Ok, not quite in the same league as L. Frank Baum (sorry!).
The next few posts will cover three topics that are linked and which are essential when building or maintaining a Data Warehouse.
What is a Deadlock?
A deadlock occurs when two processes are competing for exclusive access to a resource but they are unable to obtain exclusive access to it, because the other process is preventing it. This results in a standoff where neither process can proceed. The only way out of a deadlock is for one of the processes to be terminated. SQL Server automatically detects when deadlocks have occurred and takes action by killing one of the processes – known as the victim.
Deadlocks do not only occur on locks, from SQL Server 2012 onward, deadlocks can also happen with memory, MARS (Multiple Active Result Sets) resources, worker threads and resources related to parallel query execution.
However, for the purpose of this basic understanding we will be concentrating on the first which are known as Cycle Locks.
How does a Deadlock Occur?
A deadlock occurs when two or more tasks permanently block each other by each task having a lock on a resource which the other tasks are trying to lock. The following graph presents a high level view of a deadlock state where:
- Task T1 has a lock on resource R1 (indicated by the arrow from R1 to T1) and has requested a lock on resource R2 (indicated by the arrow from T1 to R2).
- Task T2 has a lock on resource R2 (indicated by the arrow from R2 to T2) and has requested a lock on resource R1 (indicated by the arrow from T2 to R1).
- Because neither task can continue until a resource is available and neither resource can be released until a task continues, a deadlock state exists.
How SQL Server handles deadlocks
The lock manager in SQL Server automatically searches for deadlocks, this thread which is called the LOCK_MONITOR looks for deadlocks every 5 seconds. It looks at all waiting locks to determine if there are any cycles. When it detects a deadlock it chooses one of the transactions to be the victim and sends a 1205 error to the client which owns the connection. This transaction is then terminated and rolled back which releases all the resources on which it held a lock, allowing the other transaction involved in the deadlock to continue.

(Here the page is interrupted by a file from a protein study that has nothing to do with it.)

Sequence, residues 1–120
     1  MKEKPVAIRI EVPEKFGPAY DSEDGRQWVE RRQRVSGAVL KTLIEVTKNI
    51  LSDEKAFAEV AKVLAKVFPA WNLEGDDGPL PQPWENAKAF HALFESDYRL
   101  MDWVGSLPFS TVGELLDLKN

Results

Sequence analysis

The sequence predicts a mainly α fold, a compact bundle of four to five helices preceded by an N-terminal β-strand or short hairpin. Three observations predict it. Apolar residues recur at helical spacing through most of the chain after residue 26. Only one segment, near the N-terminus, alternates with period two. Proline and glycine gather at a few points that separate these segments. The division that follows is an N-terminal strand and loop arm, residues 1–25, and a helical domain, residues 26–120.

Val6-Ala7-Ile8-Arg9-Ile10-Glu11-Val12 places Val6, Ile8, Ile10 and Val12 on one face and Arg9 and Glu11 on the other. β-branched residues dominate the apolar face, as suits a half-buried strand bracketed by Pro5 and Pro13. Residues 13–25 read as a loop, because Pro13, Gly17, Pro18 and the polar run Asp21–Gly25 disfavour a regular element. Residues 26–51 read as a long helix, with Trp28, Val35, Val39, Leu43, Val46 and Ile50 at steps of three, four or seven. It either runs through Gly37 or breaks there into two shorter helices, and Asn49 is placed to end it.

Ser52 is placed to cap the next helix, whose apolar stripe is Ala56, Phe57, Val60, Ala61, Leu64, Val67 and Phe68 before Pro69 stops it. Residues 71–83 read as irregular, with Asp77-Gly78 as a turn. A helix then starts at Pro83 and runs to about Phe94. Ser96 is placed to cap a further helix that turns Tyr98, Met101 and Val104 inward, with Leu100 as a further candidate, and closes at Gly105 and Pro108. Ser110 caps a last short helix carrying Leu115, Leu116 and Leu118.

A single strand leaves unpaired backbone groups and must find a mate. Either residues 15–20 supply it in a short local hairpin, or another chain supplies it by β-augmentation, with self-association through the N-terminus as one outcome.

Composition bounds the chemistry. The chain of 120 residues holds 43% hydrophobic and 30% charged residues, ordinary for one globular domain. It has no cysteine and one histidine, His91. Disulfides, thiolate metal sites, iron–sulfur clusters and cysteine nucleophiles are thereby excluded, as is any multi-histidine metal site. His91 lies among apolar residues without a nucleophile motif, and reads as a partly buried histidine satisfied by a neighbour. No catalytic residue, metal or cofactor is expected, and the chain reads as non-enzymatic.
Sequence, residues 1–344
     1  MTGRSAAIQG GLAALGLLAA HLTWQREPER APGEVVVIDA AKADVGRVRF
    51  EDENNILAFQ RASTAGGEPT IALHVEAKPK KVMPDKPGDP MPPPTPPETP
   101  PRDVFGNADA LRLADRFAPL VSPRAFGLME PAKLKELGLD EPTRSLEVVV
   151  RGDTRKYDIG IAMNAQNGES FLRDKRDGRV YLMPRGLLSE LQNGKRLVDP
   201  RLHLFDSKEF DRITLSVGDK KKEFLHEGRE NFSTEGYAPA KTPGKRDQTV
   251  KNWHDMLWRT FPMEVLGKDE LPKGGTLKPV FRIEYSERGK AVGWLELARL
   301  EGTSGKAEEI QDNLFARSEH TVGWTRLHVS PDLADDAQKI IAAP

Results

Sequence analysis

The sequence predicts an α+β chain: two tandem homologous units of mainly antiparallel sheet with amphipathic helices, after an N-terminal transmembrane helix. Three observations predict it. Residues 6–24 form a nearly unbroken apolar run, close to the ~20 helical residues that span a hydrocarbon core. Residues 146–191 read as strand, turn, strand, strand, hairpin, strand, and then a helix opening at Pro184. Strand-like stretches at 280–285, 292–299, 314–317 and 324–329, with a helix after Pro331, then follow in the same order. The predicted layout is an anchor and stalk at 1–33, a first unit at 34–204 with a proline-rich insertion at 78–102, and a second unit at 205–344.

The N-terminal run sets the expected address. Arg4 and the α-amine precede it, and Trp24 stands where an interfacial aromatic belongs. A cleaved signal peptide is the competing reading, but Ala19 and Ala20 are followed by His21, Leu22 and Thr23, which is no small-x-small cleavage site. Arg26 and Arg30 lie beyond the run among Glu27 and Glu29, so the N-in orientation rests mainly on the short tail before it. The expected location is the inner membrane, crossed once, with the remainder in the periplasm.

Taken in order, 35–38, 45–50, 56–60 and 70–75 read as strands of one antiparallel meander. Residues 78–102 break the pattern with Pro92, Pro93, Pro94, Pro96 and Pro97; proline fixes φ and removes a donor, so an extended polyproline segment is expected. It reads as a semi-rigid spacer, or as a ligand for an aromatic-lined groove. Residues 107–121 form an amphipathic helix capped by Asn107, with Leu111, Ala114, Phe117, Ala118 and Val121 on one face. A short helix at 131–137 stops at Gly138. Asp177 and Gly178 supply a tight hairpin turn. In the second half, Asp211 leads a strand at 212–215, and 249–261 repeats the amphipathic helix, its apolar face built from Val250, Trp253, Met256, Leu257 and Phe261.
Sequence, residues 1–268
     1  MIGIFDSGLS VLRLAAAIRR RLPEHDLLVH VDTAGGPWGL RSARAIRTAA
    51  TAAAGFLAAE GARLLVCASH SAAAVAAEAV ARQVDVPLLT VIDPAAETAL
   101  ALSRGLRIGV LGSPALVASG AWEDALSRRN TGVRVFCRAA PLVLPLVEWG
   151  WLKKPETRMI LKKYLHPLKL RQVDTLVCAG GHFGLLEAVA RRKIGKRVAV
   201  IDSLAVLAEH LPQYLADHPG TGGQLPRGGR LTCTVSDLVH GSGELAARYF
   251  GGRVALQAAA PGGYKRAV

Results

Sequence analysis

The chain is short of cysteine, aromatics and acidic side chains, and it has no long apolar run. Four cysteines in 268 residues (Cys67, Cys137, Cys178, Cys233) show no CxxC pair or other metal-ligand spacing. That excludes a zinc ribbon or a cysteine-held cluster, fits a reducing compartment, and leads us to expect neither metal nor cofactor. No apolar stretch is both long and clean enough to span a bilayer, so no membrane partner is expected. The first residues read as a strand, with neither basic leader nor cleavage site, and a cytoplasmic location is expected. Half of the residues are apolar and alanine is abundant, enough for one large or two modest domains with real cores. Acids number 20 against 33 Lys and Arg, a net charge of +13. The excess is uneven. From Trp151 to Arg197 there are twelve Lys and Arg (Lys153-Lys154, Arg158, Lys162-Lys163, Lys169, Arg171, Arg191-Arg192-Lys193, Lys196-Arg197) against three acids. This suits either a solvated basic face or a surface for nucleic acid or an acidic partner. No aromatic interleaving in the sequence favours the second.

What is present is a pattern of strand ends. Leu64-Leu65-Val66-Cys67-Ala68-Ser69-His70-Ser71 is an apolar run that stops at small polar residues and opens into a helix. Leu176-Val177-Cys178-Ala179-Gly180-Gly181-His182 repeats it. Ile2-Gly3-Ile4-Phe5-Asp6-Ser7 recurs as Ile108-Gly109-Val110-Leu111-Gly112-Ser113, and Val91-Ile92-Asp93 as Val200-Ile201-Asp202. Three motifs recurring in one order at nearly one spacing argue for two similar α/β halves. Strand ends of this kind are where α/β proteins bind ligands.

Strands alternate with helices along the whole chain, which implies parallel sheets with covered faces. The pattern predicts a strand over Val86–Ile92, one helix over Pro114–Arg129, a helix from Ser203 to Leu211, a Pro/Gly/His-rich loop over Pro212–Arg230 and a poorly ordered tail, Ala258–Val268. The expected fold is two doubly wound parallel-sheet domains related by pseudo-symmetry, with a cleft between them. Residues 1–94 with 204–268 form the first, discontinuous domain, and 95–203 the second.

If there are a lot of deadlocks SQL Server automatically adjusts the frequency of the deadlock search, and back up to 5 seconds if deadlocks are no longer as frequent.
How do I know if I have a deadlock?
The first sign you will have of a deadlock is the following error message which will be displayed to the user who own the process that was selected as the deadlock victim.
Msg 1205, Level 13, State 51, Line 6
Transaction (Process ID 62) was deadlocked on lock resources with another process and has been chosen as the deadlock victim. Rerun the transaction.
The other user whose process was not selected as the victim, will be most likely be completely unaware that their process participated in a deadlock.
In Part 2…
Preventing deadlocks WITH (NO LOCK) or SET TRANSACTION ISOLATION LEVEL READ UNCOMMITTED